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The report presents findings of a case study on forest harvesting in natural forest of the Congo. It is part of a series of case studies published by FAO in the field of forest harvesting. This study is the first one carried out in collaboration with a private industrial enterprise.

The overall objective of the study is to contribute to the development of sustainable forest management in the tropics through the establishment of credible data on forest harvesting practices and harvesting impacts in tropical high forests.

The study aims at the establishment of reliable data on a ground harvesting system in the tropics, using power saws, crawler tractors and wheeled skidders. The study has been carried out in co-operation with a large private contractor operating a concession in the Republic of Congo. The concession consists of approximately 150,000 hectare of closed-canopy, broad-leaved forest located in the Chaillu Massif in southern Congo, at the border to Gabon. The annually harvested area is approximately 15,000 hectare. Annual rainfalls in the region average approximately 1,800 mm.

The case study consists of a study inventory, a harvesting performance study and a harvesting impact assessment. The size of the study area is 150 ha, subdivided into three harvesting compartments of 50 ha each. The terrain is slightly mountainous, with water courses and seasonal swampy areas between elevations. The average harvesting intensity is only 5-6 m3 net log volume or approximately one tree per hectare. The main commercial species is Okoumé (Aucoumea klaineana), which is a medium density timber and is used for the production of peeled veneer, mainly for plywood. The low concentration of harvestable trees played an important role in harvesting efficiency and site impact.

The study inventory of all trees revealed an average density of 455 trees per hectare greater than 10 cm dbh, of which 3.3% (15 trees) is Okoumé. The proportion of Okoumé is significantly increasing in higher diameter classes. During harvesting operations, all Okoumé trees above 80 cm dbh and showing adequate stem quality were felled and removed.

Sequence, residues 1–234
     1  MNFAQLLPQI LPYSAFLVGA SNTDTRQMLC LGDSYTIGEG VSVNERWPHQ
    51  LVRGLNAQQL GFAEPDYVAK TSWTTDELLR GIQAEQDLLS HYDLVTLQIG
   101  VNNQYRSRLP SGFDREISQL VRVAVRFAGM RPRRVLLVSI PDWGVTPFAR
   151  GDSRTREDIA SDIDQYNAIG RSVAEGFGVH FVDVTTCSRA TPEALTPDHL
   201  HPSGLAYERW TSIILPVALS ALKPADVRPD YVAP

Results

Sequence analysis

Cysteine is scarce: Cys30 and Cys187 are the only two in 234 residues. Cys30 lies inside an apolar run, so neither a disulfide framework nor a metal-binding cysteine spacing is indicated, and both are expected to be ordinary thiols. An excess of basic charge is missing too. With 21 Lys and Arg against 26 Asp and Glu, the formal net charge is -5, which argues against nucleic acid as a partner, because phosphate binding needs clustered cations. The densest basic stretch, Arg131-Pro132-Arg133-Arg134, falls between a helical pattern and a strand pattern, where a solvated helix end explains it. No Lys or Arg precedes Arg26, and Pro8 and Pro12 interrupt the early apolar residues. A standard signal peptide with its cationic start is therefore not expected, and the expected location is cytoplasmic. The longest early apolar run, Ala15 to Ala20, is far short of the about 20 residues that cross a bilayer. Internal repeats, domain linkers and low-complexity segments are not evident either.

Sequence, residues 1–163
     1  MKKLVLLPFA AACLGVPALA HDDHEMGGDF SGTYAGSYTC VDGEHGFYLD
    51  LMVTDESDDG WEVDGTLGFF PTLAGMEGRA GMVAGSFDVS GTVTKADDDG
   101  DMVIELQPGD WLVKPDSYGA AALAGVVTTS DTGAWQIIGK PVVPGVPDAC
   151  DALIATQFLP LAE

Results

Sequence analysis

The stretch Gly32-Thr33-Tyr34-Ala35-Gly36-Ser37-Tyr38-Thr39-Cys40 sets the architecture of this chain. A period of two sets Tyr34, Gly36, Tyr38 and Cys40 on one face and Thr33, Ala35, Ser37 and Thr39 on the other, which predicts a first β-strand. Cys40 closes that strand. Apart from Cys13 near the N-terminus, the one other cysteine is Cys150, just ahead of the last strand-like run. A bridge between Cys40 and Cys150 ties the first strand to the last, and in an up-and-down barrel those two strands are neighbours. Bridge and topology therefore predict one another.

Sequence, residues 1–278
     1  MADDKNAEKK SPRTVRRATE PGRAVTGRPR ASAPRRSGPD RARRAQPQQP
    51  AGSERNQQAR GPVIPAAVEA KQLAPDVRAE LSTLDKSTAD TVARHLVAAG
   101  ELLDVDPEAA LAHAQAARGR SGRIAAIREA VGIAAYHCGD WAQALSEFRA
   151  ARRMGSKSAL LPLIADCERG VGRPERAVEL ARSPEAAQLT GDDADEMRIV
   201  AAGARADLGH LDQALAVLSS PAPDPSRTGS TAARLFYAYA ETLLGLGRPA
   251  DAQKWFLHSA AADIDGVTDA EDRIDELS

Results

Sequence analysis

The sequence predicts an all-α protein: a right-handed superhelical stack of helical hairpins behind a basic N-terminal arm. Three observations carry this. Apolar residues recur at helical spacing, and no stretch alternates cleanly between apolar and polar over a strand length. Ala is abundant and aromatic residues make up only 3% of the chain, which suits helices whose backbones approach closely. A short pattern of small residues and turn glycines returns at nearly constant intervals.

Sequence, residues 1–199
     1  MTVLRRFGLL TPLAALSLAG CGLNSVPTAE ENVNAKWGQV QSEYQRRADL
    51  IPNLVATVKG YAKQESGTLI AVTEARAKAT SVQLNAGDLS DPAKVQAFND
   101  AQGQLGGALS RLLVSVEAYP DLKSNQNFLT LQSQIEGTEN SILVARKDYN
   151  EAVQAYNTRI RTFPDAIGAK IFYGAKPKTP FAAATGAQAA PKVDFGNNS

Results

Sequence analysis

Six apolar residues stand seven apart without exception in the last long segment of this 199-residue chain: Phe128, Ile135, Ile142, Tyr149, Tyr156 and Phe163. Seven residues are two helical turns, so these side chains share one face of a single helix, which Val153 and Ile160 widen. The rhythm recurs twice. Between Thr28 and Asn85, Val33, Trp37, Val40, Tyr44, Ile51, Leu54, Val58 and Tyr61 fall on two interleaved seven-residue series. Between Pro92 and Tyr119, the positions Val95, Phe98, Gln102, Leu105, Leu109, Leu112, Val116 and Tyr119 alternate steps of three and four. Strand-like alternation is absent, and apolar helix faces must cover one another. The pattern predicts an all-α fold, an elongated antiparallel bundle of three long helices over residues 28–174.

The wood volume of 96 Okoumé logs from 93 trees harvested in the study area was computed in order to establish losses during felling and bucking. The average net volume of all 96 logs is 5.8 m3. The total recovery, expressed as net log volume compared to the standing stem volume (including stump, up to the first branch of the crown) is 70%.

Out of the study area, three well defined stands of 59.5 hectare total were selected for the harvesting impact assessment. The total wood volume felled and removed from this area is 345.6 m3 net log volume, the average skidding distance is 403 meters. Crawler tractors were used for short hauls and for concentrating logs while wheeled skidders were used for the long haul to the landing.

Damages to the residual stand occur during felling, skidtrail construction and log skidding, and were classified for study as: crown damages, bark damages and uprooted or broken trees. Felling damages were recorded on 30 felling sites. The average damage frequency is 17.7 damaged trees per felled tree. Expressed in terms of damages per recovered log volume, this is approximately 3 damaged trees per cubicmetre removed. Damage to residual Okoumé trees is 3.3% with the majority of damaged stems in the higher dbh classes. The total number of felling damages of all trees is 17.3 per hectare.

Skidding damages occur with an average frequency of 11.5 trees per hectare. The proportion of Okoumé damaged by skidding is 2.8%. On average 212 trees are damaged per kilometre skidtrail, of which 5.9 are Okoumé, again concentrated in the higher dbh classes. 46% of all skidding damaged trees were fully or partly uprooted. The average number of skidding damages per felled tree is 11.8. This equals an average of two damaged trees per cubicmetre removed net log volume.

In total, the number of felling and skidding damages per hectare is 29, the number of damages per felled tree is 30 and the number of damages per cubicmetre net log volume removed is 5. The overall damage frequency for Okoumé in all diameter classes is 7.2%, and of those trees 40-80 cm dbh (immediate future crop trees) is 9%. The damage frequency for all species and size classes is 6.3%.

The soil disturbance survey revealed a total disturbed area of 8.4% of the annual coupe area. Felling sites account for 3.8%, skidtrails for 2.7%, secondary roads for 1.0%, primary roads for 0.7% and landings for estimated 0.2%. Other facilities such as worker's camps, workshops and the private airport are not regarded since they are used as the infrastructure of several annual coupes. A more detailed soil survey on felling sites, skidtrails and landings, using two disturbance classes (depending whether mineral soil is slightly or fully exposed), shows that 0.9% of the annual coupe is seriously disturbed by skidtrails and landings and other 5.8% is slightly disturbed by felling sites and skidtrails.

Under the prevailing conditions, the observed forest operation could be called "low impact" by definition due to the low removal rate of approximately one tree per hectare. However, as with any harvest operation gains are possible toward the objective of sustainable forest practice by placing high priority on harvest planning and assessment.

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